Mississippi casinos are taking more revenue now than they were before the pandemic, and the Gulf Coast is leading the spike.
According to data from the state Gaming Commission, Mississippi casinos are reporting a nearly 21% increase in gross gaming revenue so far this year compared to the same period in 2019. From January through May, the latest data available, the state’s casinos reported a gross gaming revenue totaling $1.1 billion.
The Gulf Coast casinos' gross revenue for the months of March, April, and May have never been higher, according to Gaming Commission records, Mississippi Today reports. In April of this year, the Gulf Coast casinos reported a gross gaming revenue increase of about $46 million and $34 million in May.
The general manager of Biloxi’s Palace Casino Keith Crosby, said: “There was less competition for people’s discretionary dollars when you consider the number of businesses that had to close.” He added, “On the flip side of that effect, the casino industry got ahead of it with some significant safety measures in place to deal with COVID.”
Mississippi casinos reported nearly $1.8 billion in gross revenue for all of 2020, which included the roughly two months they had to shut down because of the pandemic. In 2019, that figure was $2.2 billion. With half of the year still left, the casinos are on pace to have the highest total gross gaming revenue since they began operating in the 1990s.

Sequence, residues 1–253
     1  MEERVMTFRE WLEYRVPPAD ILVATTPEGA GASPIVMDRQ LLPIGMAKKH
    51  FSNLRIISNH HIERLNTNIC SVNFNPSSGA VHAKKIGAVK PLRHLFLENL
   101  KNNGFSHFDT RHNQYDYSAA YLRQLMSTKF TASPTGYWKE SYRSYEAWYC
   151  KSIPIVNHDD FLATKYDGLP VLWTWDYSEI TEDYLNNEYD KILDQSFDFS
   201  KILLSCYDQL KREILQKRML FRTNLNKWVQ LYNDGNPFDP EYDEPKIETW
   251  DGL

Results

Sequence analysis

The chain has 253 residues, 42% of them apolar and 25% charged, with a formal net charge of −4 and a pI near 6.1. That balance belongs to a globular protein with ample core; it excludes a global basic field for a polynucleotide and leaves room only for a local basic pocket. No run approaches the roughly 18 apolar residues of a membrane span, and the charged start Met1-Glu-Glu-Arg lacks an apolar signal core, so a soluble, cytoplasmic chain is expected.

The casinos’ recent spike is matched with an increase in tourists visiting the Gulf Coast. Karen Conner, the director of marketing for the Tourism Bureau Coastal Mississippi, said the region’s number of tourists is higher now than it has been in the last several years.
“This significant increase in visitation serves as an important benchmark for the progress of our recovery as a destination,” Conner said. “Tourism is the lifeblood of Mississippi’s tri-county coastal region, but despite the indelible impact of COVID-19 on the industry, Coastal Mississippi continues to see successes and growth.”
State Rep. Casey Eure, a Republican from Biloxi who chairs the House Gaming Committee, said the casinos have benefited as more professional sporting events resumed. The state started allowing sports betting inside casinos in 2018. “I think Mississippi casinos are some of the best in the country,” Eure said. “People have been happy to get back to normal life.”
However, hospitality businesses across the state are still struggling to fill positions with qualified workers. The Beau Rivage, the Coast’s largest casino and resort, had 99 open positions on its website last Wednesday. That’s even after the Biloxi resort and casino had a job fair in May, which hosted about 300 people and resulted in 120 job offers.
In response to labor demands, some casinos have started raising wages. Crosby said: “The cost of doing business is going up.” He added, “Food costs are up, material costs are up. You have to think about what that nets out to. There may be better revenue but there is a creeping increase in cost following that.”
The casino manager said he’s waiting to see how the fall fairs. He doesn’t expect the record-smashing gross revenue to continue much longer.